Vaccinating your cat is very important for their health and for the control of infectious disease, not only for your cat but for the cat population as a whole. The greater the proportion of the population that is vaccinated the lower the risk for your cat, even when they themselves are vaccinated. Kittens are typically vaccinated at 9 and 12 weeks of age and then annual boosters afterwards.
Feline herpes virus and feline calici virus. Cat flu symptoms can range from mild to severe with sneezing, nasal discharge, mouth ulcers, sore eyes and reduced appetite. Cat flu is usually acquired via close contact with affected cats.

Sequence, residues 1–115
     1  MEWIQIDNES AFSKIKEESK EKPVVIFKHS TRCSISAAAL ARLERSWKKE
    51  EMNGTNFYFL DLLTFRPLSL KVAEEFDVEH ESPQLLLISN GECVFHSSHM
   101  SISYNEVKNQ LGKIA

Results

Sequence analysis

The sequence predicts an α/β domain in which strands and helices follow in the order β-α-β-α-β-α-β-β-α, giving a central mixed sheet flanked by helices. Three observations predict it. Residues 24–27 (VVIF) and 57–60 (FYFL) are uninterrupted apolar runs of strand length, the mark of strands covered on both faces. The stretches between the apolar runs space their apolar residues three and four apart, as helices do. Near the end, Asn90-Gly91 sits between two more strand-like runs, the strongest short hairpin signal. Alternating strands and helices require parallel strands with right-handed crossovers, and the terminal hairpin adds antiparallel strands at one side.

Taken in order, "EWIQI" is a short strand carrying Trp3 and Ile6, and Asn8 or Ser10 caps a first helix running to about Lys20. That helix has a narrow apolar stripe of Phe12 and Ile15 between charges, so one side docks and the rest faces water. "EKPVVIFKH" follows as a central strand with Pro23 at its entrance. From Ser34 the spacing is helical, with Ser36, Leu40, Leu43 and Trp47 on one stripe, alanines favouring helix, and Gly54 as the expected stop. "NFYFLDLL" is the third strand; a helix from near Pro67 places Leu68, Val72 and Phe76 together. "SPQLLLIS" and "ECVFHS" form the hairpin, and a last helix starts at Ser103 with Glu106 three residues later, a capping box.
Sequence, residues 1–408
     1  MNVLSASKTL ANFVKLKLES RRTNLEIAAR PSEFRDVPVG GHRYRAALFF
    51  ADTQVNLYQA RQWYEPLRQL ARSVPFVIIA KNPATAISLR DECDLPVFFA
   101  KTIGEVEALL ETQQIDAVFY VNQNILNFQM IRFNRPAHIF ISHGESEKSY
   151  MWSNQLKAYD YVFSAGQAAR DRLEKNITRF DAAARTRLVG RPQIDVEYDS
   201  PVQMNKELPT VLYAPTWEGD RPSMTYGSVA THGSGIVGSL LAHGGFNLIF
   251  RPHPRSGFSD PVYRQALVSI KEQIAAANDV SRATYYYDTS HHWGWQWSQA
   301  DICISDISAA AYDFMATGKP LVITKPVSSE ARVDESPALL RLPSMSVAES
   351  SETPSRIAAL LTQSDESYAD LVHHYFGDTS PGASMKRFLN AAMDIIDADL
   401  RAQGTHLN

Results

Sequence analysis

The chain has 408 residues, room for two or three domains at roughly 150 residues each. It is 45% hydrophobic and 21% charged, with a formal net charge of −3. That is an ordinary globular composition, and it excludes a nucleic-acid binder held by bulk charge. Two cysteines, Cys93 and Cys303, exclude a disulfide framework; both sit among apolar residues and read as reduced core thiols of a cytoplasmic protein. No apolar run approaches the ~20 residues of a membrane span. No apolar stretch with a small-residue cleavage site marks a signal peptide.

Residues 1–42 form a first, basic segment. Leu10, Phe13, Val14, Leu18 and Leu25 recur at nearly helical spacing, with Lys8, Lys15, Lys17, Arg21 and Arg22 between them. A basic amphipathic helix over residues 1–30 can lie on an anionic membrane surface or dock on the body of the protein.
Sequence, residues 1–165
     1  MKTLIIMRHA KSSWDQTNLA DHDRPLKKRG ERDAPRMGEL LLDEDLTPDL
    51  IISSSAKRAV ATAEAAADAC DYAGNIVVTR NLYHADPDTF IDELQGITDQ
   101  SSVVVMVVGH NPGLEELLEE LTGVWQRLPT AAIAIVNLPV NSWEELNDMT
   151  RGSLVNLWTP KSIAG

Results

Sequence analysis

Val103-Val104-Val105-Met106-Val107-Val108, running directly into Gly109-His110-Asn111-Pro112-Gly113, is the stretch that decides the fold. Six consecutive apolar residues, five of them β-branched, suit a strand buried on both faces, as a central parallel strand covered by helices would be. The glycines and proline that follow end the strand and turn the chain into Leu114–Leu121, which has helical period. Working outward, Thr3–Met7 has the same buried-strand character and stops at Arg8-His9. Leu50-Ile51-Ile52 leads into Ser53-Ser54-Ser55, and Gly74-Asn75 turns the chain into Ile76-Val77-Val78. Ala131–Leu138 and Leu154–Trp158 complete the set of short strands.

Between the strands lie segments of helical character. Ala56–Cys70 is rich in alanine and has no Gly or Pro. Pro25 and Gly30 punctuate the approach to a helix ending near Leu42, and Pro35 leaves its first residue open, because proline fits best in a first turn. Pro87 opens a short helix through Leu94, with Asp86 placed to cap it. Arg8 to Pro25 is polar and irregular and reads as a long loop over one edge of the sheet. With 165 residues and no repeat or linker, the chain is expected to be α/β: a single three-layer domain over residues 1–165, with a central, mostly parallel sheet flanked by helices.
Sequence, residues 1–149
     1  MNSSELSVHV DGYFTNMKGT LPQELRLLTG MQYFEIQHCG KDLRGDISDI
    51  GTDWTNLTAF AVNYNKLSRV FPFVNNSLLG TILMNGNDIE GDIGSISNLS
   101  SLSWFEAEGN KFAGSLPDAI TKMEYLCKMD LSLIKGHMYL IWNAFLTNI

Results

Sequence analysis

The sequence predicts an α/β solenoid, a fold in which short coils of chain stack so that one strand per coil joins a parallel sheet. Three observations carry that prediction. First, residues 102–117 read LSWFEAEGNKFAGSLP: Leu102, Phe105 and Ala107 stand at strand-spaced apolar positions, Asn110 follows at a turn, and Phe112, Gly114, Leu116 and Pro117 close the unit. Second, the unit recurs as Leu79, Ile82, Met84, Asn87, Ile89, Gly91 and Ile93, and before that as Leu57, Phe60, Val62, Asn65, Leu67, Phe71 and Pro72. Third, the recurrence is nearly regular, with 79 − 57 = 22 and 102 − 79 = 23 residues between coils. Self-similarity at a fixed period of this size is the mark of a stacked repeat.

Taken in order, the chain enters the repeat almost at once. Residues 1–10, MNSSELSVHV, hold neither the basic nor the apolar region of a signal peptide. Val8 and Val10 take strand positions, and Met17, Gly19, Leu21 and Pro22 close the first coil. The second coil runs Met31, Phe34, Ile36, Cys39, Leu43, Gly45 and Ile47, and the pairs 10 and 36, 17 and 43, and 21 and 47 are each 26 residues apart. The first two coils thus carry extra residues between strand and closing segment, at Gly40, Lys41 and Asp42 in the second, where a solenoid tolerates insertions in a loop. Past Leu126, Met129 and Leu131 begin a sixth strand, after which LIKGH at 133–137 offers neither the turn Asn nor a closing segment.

Feline Infectious Enteritis
(Cat parvo virus) this causes usually severe vomiting and diarrhoea, but can cause neurological signs especially in kittens infected before or soon after birth. It can also be rapidly fatal.
Feline Leukaemia Virus (FeLV)
Infection with FeLV usually results in persistent, lifelong infection. Most cats will develop disease and die within 3 years of being diagnosed with the infection. It is usually transmitted via close contact and mainly via the exchange of saliva –usually prolonged close contact is required for infection to occur.